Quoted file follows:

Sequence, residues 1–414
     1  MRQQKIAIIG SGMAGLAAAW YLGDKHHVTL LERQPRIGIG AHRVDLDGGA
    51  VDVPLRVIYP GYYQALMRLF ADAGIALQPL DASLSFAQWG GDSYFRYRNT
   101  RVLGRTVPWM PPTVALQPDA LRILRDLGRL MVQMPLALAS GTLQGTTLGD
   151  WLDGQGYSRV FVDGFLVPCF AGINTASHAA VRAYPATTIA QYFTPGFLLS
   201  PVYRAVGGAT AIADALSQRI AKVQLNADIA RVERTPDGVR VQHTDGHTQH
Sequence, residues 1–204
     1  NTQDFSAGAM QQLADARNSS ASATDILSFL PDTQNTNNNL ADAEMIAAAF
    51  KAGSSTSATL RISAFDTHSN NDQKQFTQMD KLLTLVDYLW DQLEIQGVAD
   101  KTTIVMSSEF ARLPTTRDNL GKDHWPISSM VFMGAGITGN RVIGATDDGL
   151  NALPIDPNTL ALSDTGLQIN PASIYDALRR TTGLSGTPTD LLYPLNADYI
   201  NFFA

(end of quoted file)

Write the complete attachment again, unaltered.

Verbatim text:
Sequence, residues 1–414
     1  MRQQKIAIIG SGMAGLAAAW YLGDKHHVTL LERQPRIGIG AHRVDLDGGA
    51  VDVPLRVIYP GYYQALMRLF ADAGIALQPL DASLSFAQWG GDSYFRYRNT
   101  RVLGRTVPWM PPTVALQPDA LRILRDLGRL MVQMPLALAS GTLQGTTLGD
   151  WLDGQGYSRV FVDGFLVPCF AGINTASHAA VRAYPATTIA QYFTPGFLLS
   201  PVYRAVGGAT AIADALSQRI AKVQLNADIA RVERTPDGVR VQHTDGHTQH
Sequence, residues 1–204
     1  NTQDFSAGAM QQLADARNSS ASATDILSFL PDTQNTNNNL ADAEMIAAAF
    51  KAGSSTSATL RISAFDTHSN NDQKQFTQMD KLLTLVDYLW DQLEIQGVAD
   101  KTTIVMSSEF ARLPTTRDNL GKDHWPISSM VFMGAGITGN RVIGATDDGL
   151  NALPIDPNTL ALSDTGLQIN PASIYDALRR TTGLSGTPTD LLYPLNADYI
   201  NFFA